Nationals come to grips with Soto trade

Once word that Juan Soto turned down the Nationals’ 15-year, $440 million extension offer – prompting the club to explore the possibility of trading its 23-year-old superstar – became public 17 days ago, Mike Rizzo began the process of figuring out which other organizations might actually be in a position to make a trade happen.

The Nats general manager realized the list of candidates, essentially clubs that were both in a win-now mode while also having enough elite talent in their farm system, would be short. In recent days, it became clear there were only three serious suitors: the Padres, Cardinals and Dodgers. And by the time trade deadline day arrived, it was clear that if a deal was going to happen, it was going to be with the Padres.

“We had to get the right deal, or we weren’t going to do the deal,” Rizzo said. “We set the bar very, very high, and one team exceeded it and that’s the deal we made. Props to the San Diego Padres. They’re not afraid, and ownership’s not afraid and (general manager) A.J. Preller’s not afraid. They were aggressive, and we made a deal that you call historical. I call it a good deal for both the San Diego Padres and the Washington Nationals at this time in both our franchise’s history.”

It will be some time before anyone can say with certainty if it was a good deal for either franchise. The Padres must now actually win something in October with Soto and Josh Bell added to a roster that already features Fernando Tatis Jr., Manny Machado, Yu Darvish and (just recently) Josh Hader. The Nationals must hope several of the five prospects they acquired today (along with veteran first baseman Luke Voit) become not only big leaguers but cornerstones who ultimately help them win a lot more games than they’re winning these days.

In the minutes and hours that came after today’s blockbuster news was reported, those who remained at Nationals Park were having a tough time thinking that far into the future. They were more concerned with the two cornerstones from the 2022 roster who are no longer here, not to mention wondering if anyone else from the room would be dealt.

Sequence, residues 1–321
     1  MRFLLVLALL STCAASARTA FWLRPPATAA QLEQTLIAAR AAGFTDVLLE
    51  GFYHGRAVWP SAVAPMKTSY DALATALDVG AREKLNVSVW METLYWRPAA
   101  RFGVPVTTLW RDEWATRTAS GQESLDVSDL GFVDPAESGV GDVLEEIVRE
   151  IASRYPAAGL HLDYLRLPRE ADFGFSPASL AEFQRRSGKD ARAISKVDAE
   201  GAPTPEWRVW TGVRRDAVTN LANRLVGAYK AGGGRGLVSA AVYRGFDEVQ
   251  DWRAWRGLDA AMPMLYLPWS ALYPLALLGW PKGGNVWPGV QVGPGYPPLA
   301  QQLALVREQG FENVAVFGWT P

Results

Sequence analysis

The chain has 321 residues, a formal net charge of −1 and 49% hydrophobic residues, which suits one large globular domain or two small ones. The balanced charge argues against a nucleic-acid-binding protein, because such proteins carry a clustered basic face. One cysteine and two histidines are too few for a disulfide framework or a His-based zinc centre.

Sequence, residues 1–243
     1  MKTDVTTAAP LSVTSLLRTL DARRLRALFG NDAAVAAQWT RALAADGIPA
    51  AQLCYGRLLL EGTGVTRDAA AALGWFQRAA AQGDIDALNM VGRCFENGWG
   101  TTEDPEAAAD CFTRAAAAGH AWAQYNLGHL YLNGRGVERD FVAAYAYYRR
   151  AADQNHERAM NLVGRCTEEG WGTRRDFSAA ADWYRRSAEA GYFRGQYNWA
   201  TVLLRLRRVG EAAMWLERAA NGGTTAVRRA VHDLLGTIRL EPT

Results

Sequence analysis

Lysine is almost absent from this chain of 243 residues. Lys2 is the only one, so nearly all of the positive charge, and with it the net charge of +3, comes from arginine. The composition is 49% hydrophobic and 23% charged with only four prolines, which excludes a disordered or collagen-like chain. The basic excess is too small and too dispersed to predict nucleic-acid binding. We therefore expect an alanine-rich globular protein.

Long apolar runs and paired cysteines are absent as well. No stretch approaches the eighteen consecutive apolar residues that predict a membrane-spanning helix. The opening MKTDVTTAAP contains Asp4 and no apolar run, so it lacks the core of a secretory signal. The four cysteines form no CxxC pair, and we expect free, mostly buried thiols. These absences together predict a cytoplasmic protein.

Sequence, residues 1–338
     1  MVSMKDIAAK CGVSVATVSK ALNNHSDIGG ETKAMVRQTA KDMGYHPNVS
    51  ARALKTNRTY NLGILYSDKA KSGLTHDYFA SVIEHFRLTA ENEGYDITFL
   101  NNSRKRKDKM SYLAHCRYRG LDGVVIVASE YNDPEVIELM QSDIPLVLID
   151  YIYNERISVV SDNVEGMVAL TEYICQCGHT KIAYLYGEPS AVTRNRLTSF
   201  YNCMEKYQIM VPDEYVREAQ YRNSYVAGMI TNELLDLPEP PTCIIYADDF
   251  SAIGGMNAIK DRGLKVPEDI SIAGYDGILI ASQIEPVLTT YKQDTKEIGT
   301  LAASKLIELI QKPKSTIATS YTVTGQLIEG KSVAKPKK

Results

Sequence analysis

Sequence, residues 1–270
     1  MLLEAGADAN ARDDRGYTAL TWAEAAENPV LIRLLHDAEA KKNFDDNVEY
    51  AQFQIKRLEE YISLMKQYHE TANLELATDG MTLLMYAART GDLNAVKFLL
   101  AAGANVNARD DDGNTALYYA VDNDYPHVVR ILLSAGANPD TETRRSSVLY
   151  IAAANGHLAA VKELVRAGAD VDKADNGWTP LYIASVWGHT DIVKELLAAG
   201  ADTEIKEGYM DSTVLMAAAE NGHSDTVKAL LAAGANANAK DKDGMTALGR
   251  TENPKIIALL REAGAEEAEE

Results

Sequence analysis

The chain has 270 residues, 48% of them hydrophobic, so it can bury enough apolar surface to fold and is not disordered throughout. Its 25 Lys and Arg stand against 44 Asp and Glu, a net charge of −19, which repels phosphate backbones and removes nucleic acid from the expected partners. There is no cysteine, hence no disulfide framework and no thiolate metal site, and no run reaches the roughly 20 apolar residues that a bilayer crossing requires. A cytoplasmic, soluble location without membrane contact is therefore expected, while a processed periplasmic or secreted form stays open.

Turns out, nobody else was. The 6 p.m. deadline passed with no more trades, leaving Soto, Bell and Ehire Adrianza (who went to the Braves on Monday) the only players moved by a rebuilding Nationals club. Nelson Cruz, Kyle Finnegan, Carl Edwards Jr., Steve Cishek, César Hernández, Maikel Franco and everyone else remain here.

The lack of other moves caught many by surprise, though not nearly as much as the big move of the day.

“It’s tough,” said Sean Doolittle, one of the few remaining members of the 2019 World Series roster still with the Nats, though he’s out for the season following elbow surgery and faces an uncertain future. “It’s maybe a little bit easier for me, because I’m going through a rehab and I’m not mentally preparing to play every day. But when someone like Soto gets moved, it does kind of remind you that if he can get moved, anybody can get moved. It sounds surreal saying it out loud.”

It was an emotional day for everyone in the clubhouse, none more so than Davey Martinez, who found himself saying goodbye to Soto and Bell, saying hello to just-promoted players Joey Meneses and Joshua Palacios, and then holding back tears as he discussed everything that took place during his pregame session with reporters.

“As we all know, he was a big part of our success in ’19, and those memories will never go away,” Martinez said of Soto. “We talked about them for a while. He’s a great kid, and I wished him all the best moving forward. In this game, you never know what’s going to happen moving forward. Who knows what will happen for him and myself and if we cross paths again. But what he meant to us as a National family, for the city, for the fans, we should cherish that.”

Rizzo, while acknowledging the difficulty in making such a drastic decision, insisted it leaves the Nationals in better position to win sooner than they would’ve been with Soto remaining in the organization and theoretically losing trade value over time.

“I think we’ve taken several steps forward,” the GM said, wearing his World Series ring and a red polo with the visage of the Commissioner’s Trophy on the chest. “I think it accelerates the process. I think that you lose a generational talent like that, but you put in five key elements of your future championship roster – along with last year’s trade deadline and the last three drafts and the last three international signing periods – we’ve put into this system in the last three years 15 or 16 high-quality, high tooled-up players that have very impactful futures ahead of them.”

That may make a positive difference in the long term, but it doesn’t make anything easier in the short term.

Martinez still had to figure out who was going to play for him tonight, against returning Mets ace Jacob deGrom no less. And don’t even mention to him what he needs to prepare to contend with 10 days from now, when the Padres come to town with a familiar face in the heart of their lineup that must now be pitched to by his former team.

“We gotta get him out,” Martinez sighed. “We’ve got 10 days now. I’ve got 10 days to think about that. Right now I’m worried about today, trying to get through today. But yeah, I haven’t even thought about that lineup yet.”

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